Vaxxas, a clinical-stage biotechnology company commercializing a novel vaccination platform, today announced the publication in the journal PLoS Medicine of groundbreaking clinical research indicating the broad immunological and commercial potential of Vaxxas’ novel high-density microarray patch (HD-MAP). Using influenza vaccine, the clinical study of Vaxxas’ HD-MAP demonstrated significantly enhanced immune response compared to vaccination by needle/syringe. This is the largest microarray patch clinical vaccine study ever performed.
In addition, using the HD-MAP, a 2.5 μg dose (1/6 of the standard dose) induced immune responses comparable to those induced by a standard dose of 15 μg injected IM, validating the dose-sparing potential of Vaxxas platform. In situations such as response to a pandemic, smaller doses could enable many more patients to be vaccinated by HD-MAP than by IM injection from a limited available volume of vaccine.
At higher doses of 10 and 15 μg, HD-MAP produced significantly high titers and faster onset kinetics than 15 μg injected IM (the standard dose). The CDC estimates that each year as many as 500,000 deaths occur due to influenza globally, and that in the United States, average mortality associated with influenza is more than 37,000 people for each year since 2010. Faster immune response achieved from the HD-MAP provides the potential to establish protection from infection in days instead of weeks, a significant public health benefit that could be extremely important for both seasonal and pandemic influenzas. In addition, higher overall immune responses provide the potential for disease protection that could span the duration of the annual flu season.
We are extremely excited to publish these compelling clinical results showing the potential of our proprietary vaccination platform to deliver vaccines safely and effectively – including at lower doses — than conventional approaches. Microarray patches – like Vaxxas’ HD-MAP – have long been viewed as having game-changing potential by targeting the active immune cells in the skin. With the significant demonstrated immune responses in this study, Vaxxas’ HD-MAP is the first-ever needle-free platform to clinically validate such a compelling immunological profile.”
David L. Hoey, President and CEO of Vaxxas
In the journal article published in PLoS Medicine, the vaccine HD-MAP was stable when stored at 40°C (104°F) for at least 12 months, providing the potential for easy distribution without the cost and complexity of continuous refrigeration. Furthermore, the company is currently performing a clinical study in which self-administration of the HD-MAP is being studied. The combination of these features could be extremely beneficial, subject to regulatory approval, in situations such as annual seasonal influenza vaccinations and pandemic response to prevent the need for populations to congregate to have a vaccine administered.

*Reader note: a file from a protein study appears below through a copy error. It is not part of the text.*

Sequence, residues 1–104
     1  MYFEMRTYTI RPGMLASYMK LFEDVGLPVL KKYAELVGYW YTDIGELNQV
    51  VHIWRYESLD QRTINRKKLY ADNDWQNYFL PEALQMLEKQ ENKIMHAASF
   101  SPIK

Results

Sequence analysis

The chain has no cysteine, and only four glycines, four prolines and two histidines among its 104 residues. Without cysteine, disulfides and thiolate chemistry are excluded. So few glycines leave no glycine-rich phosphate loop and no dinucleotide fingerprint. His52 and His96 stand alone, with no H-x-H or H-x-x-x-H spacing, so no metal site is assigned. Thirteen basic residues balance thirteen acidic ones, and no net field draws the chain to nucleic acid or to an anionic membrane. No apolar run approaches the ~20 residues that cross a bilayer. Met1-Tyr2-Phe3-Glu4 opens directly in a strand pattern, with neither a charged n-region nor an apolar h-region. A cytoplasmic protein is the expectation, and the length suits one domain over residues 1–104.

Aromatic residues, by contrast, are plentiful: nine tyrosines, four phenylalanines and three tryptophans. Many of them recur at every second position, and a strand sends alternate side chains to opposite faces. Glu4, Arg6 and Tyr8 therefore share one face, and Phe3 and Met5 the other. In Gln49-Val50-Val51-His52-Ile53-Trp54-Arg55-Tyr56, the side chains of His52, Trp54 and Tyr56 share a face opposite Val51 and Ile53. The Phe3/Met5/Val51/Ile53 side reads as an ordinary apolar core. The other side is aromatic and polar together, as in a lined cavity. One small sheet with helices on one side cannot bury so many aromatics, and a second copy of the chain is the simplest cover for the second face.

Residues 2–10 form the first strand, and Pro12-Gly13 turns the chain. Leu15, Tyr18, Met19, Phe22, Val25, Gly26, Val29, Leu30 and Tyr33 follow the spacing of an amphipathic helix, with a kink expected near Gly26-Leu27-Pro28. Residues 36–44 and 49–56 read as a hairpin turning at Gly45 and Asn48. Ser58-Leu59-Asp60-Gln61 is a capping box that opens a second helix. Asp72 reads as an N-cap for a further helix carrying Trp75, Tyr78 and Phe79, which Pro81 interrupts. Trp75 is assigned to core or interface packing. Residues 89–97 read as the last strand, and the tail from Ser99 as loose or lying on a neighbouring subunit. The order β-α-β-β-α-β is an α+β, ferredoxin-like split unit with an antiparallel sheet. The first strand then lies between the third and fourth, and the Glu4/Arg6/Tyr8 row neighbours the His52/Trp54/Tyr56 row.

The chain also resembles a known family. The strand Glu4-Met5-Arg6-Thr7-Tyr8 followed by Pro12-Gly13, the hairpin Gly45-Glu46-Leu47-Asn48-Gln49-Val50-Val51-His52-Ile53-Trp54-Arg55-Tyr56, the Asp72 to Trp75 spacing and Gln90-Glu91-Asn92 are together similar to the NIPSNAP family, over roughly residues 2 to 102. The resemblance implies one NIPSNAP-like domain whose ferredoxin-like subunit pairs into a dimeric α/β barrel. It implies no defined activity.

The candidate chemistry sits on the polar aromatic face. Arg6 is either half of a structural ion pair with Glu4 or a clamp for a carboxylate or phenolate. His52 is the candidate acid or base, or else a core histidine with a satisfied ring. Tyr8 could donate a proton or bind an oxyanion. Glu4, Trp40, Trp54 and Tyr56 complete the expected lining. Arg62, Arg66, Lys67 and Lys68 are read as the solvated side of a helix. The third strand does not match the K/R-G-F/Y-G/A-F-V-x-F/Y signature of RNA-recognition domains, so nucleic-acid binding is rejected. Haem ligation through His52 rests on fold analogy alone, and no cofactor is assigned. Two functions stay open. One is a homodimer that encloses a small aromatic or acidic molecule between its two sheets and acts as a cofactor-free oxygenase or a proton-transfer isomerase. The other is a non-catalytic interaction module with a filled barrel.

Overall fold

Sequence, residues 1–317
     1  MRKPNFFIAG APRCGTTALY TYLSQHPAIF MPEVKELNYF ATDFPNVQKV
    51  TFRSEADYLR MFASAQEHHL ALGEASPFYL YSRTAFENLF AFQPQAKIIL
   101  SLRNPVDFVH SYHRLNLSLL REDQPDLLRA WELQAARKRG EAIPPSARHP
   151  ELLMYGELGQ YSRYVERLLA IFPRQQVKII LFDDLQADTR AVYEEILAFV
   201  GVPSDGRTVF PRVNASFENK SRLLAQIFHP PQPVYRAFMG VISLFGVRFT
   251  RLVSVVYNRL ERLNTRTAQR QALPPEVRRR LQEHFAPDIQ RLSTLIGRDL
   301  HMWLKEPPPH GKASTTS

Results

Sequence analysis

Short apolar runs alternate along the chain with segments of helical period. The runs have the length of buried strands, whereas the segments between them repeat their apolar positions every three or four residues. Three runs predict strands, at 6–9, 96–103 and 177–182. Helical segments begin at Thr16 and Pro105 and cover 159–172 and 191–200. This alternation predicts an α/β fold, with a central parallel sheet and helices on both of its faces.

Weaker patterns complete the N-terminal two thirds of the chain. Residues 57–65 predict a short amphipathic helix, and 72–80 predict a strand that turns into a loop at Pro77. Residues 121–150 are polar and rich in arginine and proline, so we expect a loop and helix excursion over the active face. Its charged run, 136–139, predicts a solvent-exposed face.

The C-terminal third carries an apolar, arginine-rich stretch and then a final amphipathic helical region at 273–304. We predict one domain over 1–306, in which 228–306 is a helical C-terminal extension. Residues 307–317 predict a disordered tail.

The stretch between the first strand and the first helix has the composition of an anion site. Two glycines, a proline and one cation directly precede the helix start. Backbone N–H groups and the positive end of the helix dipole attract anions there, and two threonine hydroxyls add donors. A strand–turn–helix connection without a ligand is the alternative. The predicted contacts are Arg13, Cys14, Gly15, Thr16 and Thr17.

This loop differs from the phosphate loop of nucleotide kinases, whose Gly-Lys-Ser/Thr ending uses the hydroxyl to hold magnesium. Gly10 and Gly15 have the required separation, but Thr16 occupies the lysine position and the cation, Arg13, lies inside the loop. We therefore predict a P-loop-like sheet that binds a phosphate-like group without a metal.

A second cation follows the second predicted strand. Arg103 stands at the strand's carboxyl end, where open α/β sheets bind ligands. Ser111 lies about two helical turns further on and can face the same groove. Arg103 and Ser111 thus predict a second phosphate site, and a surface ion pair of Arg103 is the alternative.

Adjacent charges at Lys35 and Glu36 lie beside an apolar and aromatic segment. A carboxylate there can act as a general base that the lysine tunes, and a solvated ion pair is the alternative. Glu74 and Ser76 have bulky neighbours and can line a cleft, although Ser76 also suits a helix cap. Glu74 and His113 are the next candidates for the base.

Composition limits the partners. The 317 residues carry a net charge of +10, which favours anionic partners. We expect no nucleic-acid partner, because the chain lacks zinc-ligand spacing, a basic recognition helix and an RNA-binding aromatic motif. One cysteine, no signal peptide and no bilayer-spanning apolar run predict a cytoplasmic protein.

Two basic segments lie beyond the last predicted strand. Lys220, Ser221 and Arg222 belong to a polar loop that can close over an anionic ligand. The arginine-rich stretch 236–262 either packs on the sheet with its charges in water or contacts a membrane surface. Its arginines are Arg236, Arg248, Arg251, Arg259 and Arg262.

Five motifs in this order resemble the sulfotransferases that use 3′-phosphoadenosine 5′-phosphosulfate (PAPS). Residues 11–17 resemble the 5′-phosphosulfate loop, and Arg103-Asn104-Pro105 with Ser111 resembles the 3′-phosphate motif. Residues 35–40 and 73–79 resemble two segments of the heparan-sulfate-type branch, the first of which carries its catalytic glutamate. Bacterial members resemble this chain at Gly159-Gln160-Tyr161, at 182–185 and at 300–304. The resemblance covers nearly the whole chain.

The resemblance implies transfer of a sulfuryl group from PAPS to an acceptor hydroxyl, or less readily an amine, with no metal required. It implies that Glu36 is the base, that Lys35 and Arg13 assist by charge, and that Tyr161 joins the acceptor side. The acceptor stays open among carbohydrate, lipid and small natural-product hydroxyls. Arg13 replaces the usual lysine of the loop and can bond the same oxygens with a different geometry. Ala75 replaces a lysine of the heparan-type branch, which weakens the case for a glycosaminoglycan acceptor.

“With vaccine coated onto Vaxxas HD-MAPs shown to be stable for up to a year at 40°C, we can offer a truly differentiated platform with a global reach, particularly into low and middle income countries or in emergency use and pandemic situations,” said Angus Forster, Chief Development and Operations Officer of Vaxxas and lead author of the PLoS Medicine publication. “Vaxxas’ HD-MAP is readily fabricated by injection molding to produce a 10 x 10 mm square with more than 3,000 microprojections that are gamma-irradiated before aseptic dry application of vaccine to the HD-MAP’s tips. All elements of device design, as well as coating and QC, have been engineered to enable small, modular, aseptic lines to make millions of vaccine products per week.”
The PLoS publication reported results and analyses from a clinical study involving 210 clinical subjects. The clinical study was a two-part, randomized, partially double-blind, placebo-controlled trial conducted at a single Australian clinical site. The clinical study’s primary objective was to measure the safety and tolerability of A/Singapore/GP1908/2015 H1N1 (A/Sing) monovalent vaccine delivered by Vaxxas HD-MAP in comparison to an uncoated Vaxxas HD-MAP and IM injection of a quadrivalent seasonal influenza vaccine (QIV) delivering approximately the same dose of A/Sing HA protein. Exploratory outcomes were: to evaluate the immune responses to HD-MAP application to the forearm with A/Sing at 4 dose levels in comparison to IM administration of A/Sing at the standard 15 μg HA per dose per strain, and to assess further measures of immune response through additional assays and assessment of the local skin response via punch biopsy of the HD-MAP application sites. Local skin response, serological, mucosal and cellular immune responses were assessed pre- and post-vaccination.